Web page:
Response to the Poem "Stopping by Woods on a Snowy Evening" by Robert Frost
This is one of my favorite poems, and every time I read it, I find something I haven't noticed before, especially the conflict that the author portrays. It is said that this poem was written about an early period of personal frustration, and the contemplation of suicide. But I believe there are several ways to look at it. The meaning of the narrator's response to the woods is caught in the contrast between the relaxed, conversational idiom of the first three lines, and the dream-like descriptive detail and hypnotic flowing of the last few lines. Clearing and wilderness, law and freedom, civilization and nature, fact and dream are the oppositions …show more content…
Dramatically, the poem builds to a climax and then makes its way down to resolution. At its heart found in line 8, it implies a tension. Is this the "darkest evening of the year" because it is December 22, the winter solstice, or because of some emotional turmoil in the viewer's spirit? Is the poem a veiled death wish? Whatever the reader's interpretation, the speaker reassures that a moment of contemplation of the "dark and deep" is normal and uplifting, for the figure decides to continue toward his destination.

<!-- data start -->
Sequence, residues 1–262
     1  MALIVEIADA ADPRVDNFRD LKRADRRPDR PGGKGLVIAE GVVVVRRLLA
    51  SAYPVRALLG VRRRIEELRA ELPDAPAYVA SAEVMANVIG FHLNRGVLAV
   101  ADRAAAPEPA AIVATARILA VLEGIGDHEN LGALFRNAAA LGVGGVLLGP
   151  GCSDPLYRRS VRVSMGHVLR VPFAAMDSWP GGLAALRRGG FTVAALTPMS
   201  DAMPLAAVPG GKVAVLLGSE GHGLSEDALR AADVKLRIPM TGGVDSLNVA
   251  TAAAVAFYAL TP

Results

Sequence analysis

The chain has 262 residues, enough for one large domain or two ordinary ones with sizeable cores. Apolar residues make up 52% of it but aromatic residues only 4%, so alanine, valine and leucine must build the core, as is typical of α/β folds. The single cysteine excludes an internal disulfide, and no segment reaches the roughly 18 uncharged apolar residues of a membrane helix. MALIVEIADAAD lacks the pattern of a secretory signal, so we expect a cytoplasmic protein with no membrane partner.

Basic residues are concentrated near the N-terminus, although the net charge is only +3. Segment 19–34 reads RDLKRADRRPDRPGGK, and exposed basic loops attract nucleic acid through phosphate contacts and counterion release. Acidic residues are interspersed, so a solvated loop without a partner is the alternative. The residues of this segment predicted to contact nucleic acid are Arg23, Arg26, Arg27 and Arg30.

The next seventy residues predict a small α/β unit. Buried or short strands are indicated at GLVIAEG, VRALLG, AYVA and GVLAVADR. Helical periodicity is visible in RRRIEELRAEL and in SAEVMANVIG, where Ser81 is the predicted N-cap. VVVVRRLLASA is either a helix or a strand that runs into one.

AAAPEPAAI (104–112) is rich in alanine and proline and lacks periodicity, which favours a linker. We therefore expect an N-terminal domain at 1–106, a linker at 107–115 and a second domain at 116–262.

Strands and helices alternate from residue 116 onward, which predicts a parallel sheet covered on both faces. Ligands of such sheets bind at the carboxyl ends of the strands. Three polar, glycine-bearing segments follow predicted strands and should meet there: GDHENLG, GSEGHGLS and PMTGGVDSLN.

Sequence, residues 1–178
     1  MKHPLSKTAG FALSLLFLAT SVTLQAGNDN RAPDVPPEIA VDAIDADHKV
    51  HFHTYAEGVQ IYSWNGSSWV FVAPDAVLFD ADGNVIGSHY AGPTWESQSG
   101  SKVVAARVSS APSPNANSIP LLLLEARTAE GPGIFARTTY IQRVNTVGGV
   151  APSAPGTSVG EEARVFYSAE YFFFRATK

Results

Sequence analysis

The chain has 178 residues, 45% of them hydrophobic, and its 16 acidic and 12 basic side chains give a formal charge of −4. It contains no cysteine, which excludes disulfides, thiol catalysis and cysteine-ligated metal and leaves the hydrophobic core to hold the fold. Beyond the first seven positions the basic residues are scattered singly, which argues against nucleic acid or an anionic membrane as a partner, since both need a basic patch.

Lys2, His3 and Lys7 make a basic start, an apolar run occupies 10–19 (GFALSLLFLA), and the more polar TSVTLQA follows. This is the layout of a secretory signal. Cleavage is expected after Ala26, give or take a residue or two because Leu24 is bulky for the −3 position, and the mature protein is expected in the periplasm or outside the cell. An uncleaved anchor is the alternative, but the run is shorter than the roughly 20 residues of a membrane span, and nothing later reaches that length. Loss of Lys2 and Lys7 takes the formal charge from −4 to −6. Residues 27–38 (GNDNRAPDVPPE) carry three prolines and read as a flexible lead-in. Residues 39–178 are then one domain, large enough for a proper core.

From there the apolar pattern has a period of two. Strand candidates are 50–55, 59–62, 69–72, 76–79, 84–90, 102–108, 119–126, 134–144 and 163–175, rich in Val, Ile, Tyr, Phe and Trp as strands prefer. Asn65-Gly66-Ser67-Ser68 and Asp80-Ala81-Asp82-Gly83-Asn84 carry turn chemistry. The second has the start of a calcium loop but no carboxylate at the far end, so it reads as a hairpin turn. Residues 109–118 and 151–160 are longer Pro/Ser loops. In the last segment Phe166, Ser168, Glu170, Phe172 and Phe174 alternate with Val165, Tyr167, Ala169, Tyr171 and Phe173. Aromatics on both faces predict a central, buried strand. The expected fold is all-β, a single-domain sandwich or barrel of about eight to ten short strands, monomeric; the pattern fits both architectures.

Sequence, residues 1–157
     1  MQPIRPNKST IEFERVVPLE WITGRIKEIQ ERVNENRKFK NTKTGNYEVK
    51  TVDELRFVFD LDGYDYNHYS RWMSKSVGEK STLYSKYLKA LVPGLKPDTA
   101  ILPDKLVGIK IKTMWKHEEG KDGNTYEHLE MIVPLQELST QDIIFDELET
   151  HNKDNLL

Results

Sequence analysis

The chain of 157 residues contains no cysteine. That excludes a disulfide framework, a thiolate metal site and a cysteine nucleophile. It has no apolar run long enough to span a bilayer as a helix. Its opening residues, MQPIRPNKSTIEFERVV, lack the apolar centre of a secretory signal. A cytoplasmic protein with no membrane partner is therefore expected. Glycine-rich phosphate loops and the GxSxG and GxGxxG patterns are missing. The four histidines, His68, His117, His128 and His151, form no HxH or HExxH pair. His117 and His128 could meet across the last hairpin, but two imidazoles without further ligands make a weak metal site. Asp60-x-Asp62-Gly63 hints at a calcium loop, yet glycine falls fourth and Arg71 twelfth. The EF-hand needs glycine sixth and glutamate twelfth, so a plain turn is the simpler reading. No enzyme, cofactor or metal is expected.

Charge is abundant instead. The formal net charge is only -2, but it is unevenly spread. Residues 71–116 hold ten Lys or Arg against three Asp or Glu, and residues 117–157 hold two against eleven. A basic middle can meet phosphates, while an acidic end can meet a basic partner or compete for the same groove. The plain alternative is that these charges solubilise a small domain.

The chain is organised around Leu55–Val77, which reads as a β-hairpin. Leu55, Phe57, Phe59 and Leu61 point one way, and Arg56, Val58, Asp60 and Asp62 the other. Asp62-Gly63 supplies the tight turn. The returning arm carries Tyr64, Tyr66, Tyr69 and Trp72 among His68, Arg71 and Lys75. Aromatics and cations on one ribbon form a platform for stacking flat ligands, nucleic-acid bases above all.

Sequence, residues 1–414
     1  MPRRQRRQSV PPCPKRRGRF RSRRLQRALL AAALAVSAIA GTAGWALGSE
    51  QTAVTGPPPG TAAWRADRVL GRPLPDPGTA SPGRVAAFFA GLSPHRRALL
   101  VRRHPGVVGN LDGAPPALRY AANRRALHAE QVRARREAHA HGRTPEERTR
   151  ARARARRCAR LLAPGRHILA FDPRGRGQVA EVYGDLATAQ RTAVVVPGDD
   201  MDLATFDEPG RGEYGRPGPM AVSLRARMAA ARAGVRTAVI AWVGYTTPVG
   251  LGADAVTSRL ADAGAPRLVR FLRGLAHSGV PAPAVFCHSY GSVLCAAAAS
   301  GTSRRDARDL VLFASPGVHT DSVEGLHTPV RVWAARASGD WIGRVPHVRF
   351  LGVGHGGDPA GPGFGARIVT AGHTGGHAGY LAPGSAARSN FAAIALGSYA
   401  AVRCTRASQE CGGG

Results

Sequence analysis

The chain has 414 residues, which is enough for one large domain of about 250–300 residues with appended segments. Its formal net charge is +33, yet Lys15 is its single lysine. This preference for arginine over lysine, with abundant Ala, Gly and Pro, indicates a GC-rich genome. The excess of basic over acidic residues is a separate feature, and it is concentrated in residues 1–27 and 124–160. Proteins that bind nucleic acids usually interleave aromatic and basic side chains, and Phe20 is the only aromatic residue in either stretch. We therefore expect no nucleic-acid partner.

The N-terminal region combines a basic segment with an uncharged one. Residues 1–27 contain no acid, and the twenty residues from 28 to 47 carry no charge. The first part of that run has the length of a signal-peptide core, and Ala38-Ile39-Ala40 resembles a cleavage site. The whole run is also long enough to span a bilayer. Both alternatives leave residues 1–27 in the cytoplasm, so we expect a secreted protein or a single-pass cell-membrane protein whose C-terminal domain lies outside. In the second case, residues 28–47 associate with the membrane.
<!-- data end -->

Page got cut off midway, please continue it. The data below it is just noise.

The woods are lovely, dark and deep,
But I have promises to keep,
And miles to go before I sleep,
And miles to go before I sleep.
These are the best lines in the poem I believe because having paid tribute to the dangerous seductiveness of the woods, the narrator seems to be trying to shake himself back into commonsense by invoking his promises' or responsibilities. The last line is repeated, however, and while at first it seems little more than another reference to the journey he has to complete (and so a way of telling himself to continue on down the road), the repetition gives it particular resonance that is creepy yet meaningful. I believe that this is a reference to the brief span of